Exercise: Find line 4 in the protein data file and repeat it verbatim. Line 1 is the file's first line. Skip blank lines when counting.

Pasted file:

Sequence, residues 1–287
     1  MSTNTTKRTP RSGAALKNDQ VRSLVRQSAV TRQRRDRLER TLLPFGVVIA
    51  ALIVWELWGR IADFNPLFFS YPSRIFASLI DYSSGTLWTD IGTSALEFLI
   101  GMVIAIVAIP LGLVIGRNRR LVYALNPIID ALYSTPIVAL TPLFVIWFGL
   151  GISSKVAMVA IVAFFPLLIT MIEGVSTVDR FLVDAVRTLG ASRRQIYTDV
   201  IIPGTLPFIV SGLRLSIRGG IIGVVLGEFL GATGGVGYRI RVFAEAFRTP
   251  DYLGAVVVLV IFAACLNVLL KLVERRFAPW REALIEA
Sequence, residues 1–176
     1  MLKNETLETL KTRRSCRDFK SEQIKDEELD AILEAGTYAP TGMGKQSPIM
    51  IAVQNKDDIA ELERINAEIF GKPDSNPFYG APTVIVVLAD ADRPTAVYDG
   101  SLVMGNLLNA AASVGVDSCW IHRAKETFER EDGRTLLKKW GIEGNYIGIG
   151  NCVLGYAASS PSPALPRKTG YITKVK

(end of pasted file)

   101  GMVIAIVAIP LGLVIGRNRR LVYALNPIID ALYSTPIVAL TPLFVIWFGL